Photo by Aidan Bartos on Unsplash

You’re Not a Real Business

Let me ask you, is this “a real business”?

For 20 years as an IT consultant, I would get a client, work exclusively for that client for 3 months, 6 months, or a year. I was paid higher than full-time employees got paid, had no paid vacations or benefits.

At the end of the contract, I would find a new client. I did this for 20 years, as I said.  I was incorporated. I deducted expenses from my income, and paid taxes to the government.

Recently, I switched from the consulting model to the online teaching model. The business is effectively the same though. I create information products, and list them for sale on one web site. They pay me a royalty for that, and I deduct my expenses and pay the taxes on that.

Does that fit the definition of a business?

What does the dictionary say?

An organization or economic system where goods and services are exchanged for one another or for money.

Every business requires some form of investment and enough customers to whom its output can be sold on a consistent basis in order to make a profit.

OK, I meet the requirements for that first sentence I guess. Goods and services are exchanged for money. Check.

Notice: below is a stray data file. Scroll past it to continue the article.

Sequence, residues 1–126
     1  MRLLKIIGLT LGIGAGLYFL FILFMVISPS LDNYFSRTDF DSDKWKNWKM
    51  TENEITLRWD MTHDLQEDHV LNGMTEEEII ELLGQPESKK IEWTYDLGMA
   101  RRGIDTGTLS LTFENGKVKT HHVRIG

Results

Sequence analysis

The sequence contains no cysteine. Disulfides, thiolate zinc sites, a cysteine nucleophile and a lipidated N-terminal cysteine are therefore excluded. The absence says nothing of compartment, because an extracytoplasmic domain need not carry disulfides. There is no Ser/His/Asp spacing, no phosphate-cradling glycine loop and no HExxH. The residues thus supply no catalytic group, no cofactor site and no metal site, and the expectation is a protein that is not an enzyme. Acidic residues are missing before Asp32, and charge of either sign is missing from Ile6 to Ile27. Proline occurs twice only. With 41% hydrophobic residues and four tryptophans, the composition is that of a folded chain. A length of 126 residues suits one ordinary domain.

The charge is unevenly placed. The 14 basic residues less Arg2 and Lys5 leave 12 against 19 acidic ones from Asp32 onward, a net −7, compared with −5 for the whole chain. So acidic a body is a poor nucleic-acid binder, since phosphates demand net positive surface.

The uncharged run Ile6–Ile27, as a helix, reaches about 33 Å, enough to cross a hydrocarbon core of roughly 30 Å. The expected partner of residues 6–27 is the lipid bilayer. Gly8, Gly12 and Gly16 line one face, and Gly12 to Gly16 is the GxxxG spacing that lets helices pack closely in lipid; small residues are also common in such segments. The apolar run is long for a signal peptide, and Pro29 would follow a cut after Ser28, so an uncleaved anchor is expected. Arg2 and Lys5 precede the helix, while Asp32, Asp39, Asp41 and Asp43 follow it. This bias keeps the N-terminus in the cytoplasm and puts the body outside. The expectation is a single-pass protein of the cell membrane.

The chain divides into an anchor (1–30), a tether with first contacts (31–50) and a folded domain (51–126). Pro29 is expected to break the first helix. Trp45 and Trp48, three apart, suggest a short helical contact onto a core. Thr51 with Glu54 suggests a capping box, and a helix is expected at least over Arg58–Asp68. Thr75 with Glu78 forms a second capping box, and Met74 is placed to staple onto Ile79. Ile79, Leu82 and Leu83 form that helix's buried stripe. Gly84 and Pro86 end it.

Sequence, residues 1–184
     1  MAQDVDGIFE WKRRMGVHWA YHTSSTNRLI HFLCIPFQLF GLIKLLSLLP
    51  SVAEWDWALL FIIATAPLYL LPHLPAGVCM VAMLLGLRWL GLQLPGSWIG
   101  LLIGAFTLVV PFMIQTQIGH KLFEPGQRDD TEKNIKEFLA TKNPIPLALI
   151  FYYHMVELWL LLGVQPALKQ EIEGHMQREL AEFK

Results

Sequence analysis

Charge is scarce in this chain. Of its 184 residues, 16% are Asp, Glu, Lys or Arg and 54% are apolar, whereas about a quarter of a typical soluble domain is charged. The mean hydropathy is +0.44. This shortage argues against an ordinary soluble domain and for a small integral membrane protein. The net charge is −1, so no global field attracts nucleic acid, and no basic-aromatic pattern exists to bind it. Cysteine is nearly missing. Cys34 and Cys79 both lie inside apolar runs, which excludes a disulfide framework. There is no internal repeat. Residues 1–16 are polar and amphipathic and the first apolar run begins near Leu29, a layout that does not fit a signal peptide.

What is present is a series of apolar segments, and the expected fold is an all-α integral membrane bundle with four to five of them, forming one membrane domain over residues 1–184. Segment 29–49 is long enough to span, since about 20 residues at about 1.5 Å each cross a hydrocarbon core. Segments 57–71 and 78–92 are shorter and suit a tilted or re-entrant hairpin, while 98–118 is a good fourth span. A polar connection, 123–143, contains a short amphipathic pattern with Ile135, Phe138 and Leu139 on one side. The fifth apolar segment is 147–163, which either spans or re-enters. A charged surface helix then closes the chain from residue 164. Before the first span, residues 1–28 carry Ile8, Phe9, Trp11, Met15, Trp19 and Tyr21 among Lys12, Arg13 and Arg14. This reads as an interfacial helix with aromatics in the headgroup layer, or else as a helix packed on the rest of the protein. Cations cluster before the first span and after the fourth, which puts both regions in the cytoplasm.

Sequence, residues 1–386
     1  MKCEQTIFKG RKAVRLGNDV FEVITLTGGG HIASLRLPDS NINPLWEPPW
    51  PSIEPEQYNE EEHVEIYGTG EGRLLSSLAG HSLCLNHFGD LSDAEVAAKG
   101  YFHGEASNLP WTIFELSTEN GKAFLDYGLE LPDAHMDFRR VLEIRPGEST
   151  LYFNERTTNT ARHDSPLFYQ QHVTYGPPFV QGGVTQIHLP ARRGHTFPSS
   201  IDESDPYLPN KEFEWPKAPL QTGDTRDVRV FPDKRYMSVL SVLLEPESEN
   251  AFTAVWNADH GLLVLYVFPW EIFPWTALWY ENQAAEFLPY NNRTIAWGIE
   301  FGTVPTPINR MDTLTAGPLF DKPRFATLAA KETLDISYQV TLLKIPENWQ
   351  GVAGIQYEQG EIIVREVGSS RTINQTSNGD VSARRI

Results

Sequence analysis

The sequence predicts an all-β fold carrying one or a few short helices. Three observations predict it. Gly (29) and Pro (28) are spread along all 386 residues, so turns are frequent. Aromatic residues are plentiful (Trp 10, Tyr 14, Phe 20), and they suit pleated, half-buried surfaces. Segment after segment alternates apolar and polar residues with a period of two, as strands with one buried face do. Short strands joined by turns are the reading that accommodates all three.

“Every business requires some form of investment”, I'm going to say that not all businesses require a financial investment. Businesses are bootstrapped all the time. But I invest significant time in creating my products. So even spending a month to create something is an investment. “Enough customers … on a consistent basis … in order to make a profit” – well I meet the requirements for that too.

Photo by wu yi on Unsplash

So why would someone say, you're not a real business.

The argument frequently made is that a business that is wholly dependent on another business is not a business. When I was consulting, I was wholly dependent on my clients. If a client fired me, I would have no income the next day until I found another client. And there's no guarantee of how long that would take.

Or as an online teacher, the argument is that I make most of my money on Udemy. If Udemy decided they didn't like me for some reason, the money would stop flowing.

That argument is crap, right.

Because there is no requirement in the definition of a business that “if you lost a client, it would not affect you.”

I worked for a marketing agency that had dozens of clients. But one client was bigger than the rest. When that client took their business somewhere else, 50 people were let go. It was a significant blow. 

In that case, having 20 other clients did not save that company from being affected by this loss. Those employees who were looking for a job from that event were certainly affected.

I have a business in which I am paid quite well. If something was to happen to that, I would adjust. That's what businesses do. They continue, and they adjust, based on changes.


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